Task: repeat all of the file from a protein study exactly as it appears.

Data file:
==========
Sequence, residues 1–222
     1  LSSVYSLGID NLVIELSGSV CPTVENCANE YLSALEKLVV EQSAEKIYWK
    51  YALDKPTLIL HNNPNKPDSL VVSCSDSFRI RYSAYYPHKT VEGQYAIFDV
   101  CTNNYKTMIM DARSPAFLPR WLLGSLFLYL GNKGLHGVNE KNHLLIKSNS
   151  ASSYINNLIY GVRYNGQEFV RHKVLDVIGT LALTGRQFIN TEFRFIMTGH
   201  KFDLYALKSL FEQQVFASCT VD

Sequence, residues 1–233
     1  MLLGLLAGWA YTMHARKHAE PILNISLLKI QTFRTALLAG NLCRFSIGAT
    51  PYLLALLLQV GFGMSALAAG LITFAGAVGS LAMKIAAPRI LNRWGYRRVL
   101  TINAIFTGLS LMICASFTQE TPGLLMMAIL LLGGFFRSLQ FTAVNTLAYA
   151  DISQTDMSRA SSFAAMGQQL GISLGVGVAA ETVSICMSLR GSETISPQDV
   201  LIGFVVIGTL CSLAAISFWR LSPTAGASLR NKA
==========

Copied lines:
Sequence, residues 1–222
     1  LSSVYSLGID NLVIELSGSV CPTVENCANE YLSALEKLVV EQSAEKIYWK
    51  YALDKPTLIL HNNPNKPDSL VVSCSDSFRI RYSAYYPHKT VEGQYAIFDV
   101  CTNNYKTMIM DARSPAFLPR WLLGSLFLYL GNKGLHGVNE KNHLLIKSNS
   151  ASSYINNLIY GVRYNGQEFV RHKVLDVIGT LALTGRQFIN TEFRFIMTGH
   201  KFDLYALKSL FEQQVFASCT VD

Sequence, residues 1–233
     1  MLLGLLAGWA YTMHARKHAE PILNISLLKI QTFRTALLAG NLCRFSIGAT
    51  PYLLALLLQV GFGMSALAAG LITFAGAVGS LAMKIAAPRI LNRWGYRRVL
   101  TINAIFTGLS LMICASFTQE TPGLLMMAIL LLGGFFRSLQ FTAVNTLAYA
   151  DISQTDMSRA SSFAAMGQQL GISLGVGVAA ETVSICMSLR GSETISPQDV
   201  LIGFVVIGTL CSLAAISFWR LSPTAGASLR NKA